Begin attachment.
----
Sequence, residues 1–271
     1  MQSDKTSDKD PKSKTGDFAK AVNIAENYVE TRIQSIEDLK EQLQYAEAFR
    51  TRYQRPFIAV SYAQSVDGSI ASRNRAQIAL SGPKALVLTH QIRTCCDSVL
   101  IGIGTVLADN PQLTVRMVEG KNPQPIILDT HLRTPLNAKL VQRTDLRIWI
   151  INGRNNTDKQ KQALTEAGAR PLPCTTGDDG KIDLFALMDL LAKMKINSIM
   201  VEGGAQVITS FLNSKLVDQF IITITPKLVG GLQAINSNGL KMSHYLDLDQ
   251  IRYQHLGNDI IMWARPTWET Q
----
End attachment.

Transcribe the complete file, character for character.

Sequence, residues 1–271
     1  MQSDKTSDKD PKSKTGDFAK AVNIAENYVE TRIQSIEDLK EQLQYAEAFR
    51  TRYQRPFIAV SYAQSVDGSI ASRNRAQIAL SGPKALVLTH QIRTCCDSVL
   101  IGIGTVLADN PQLTVRMVEG KNPQPIILDT HLRTPLNAKL VQRTDLRIWI
   151  INGRNNTDKQ KQALTEAGAR PLPCTTGDDG KIDLFALMDL LAKMKINSIM
   201  VEGGAQVITS FLNSKLVDQF IITITPKLVG GLQAINSNGL KMSHYLDLDQ
   251  IRYQHLGNDI IMWARPTWET Q